gun control

Do you support a federal ‘red-flag’ law?

Yes

Yes

Michael Bennet

U.S. senator, Colorado

Bennet supports a federal red-flag law, he told The Post.

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Michael Bennet
Bennet

Mike Bloomberg

Former New York mayor

“Pass a federal red flag law that expands extreme risk orders to 50 states — and funds state efforts to maximize the policy,” Bloomberg's gun-safety plan said.

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Michael Bloomberg
Bloomberg

Pete Buttigieg

Former mayor, South Bend, Ind.

Buttigieg supports a federal red-flag law, a campaign spokesperson told The Post.

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Pete Buttigieg
Buttigieg

John Delaney

Former U.S. representative, Maryland

Delaney supports a federal red-flag law, he told The Post.

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John Delaney
Delaney

Amy Klobuchar

U.S. senator, Minnesota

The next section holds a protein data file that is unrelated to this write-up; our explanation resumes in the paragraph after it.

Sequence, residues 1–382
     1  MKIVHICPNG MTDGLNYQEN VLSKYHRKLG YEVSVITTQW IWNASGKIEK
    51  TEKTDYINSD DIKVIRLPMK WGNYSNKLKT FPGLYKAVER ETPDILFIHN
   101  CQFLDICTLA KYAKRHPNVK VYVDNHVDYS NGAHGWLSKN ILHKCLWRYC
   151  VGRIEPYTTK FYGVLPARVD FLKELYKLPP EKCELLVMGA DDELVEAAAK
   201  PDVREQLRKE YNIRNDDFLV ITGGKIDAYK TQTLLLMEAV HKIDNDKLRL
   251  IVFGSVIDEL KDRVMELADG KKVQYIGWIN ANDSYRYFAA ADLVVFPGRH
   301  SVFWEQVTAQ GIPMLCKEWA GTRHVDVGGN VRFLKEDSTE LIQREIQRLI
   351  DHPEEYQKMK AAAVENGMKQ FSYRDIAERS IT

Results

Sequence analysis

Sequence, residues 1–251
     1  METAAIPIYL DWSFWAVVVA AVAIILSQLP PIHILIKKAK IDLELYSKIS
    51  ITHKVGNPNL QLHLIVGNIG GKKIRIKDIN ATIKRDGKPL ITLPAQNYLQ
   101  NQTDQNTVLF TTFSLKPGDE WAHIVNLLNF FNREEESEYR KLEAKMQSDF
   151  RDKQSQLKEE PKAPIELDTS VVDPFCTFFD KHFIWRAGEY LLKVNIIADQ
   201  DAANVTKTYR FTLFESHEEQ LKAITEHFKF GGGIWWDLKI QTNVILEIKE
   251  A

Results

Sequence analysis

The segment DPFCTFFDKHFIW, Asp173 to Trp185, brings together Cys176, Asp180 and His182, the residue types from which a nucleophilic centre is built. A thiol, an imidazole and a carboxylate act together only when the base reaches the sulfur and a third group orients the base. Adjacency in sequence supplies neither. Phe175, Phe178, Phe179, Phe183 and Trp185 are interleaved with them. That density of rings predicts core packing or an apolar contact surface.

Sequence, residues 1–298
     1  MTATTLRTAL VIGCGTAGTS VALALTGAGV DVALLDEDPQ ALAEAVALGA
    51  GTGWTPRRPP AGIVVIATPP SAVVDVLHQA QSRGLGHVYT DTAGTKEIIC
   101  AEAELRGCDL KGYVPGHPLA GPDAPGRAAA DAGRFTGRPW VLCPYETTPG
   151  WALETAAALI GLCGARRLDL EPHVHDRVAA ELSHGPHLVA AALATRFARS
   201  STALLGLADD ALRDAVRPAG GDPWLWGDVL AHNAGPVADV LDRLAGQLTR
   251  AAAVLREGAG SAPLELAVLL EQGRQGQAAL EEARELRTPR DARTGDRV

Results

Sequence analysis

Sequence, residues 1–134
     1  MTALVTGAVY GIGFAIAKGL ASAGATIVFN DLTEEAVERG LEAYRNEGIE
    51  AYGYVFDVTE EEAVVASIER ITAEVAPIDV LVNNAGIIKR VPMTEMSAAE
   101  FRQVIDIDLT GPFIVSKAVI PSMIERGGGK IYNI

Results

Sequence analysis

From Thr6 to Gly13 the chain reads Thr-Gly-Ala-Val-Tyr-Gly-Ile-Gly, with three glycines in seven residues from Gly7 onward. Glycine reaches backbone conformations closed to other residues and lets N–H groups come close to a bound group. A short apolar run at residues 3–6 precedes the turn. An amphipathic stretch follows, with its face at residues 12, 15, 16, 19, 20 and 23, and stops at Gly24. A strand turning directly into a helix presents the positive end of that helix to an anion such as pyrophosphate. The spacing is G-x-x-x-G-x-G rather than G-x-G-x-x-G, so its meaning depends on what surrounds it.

Klobuchar supports a federal red-flag law, she told The Post.

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Amy Klobuchar
Klobuchar

Deval Patrick

Former governor, Massachusetts

Patrick supports a federal red-flag law, a campaign spokesperson told The Post.

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Deval Patrick
Patrick

Bernie Sanders

U.S. senator, Vermont

“Yes. [Sanders] supports legislation to ensure we keep guns out of the hands of domestic abusers and stalkers and “red flag” laws such as the one in place in Vermont, which allows for temporary removal of firearms from those deemed by a state court a danger to themselves or others,” a campaign spokesperson told The Post.

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Bernie Sanders
Sanders

Tom Steyer

Billionaire activist

Steyer supports a federal red-flag law, he told The Post.

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Tom Steyer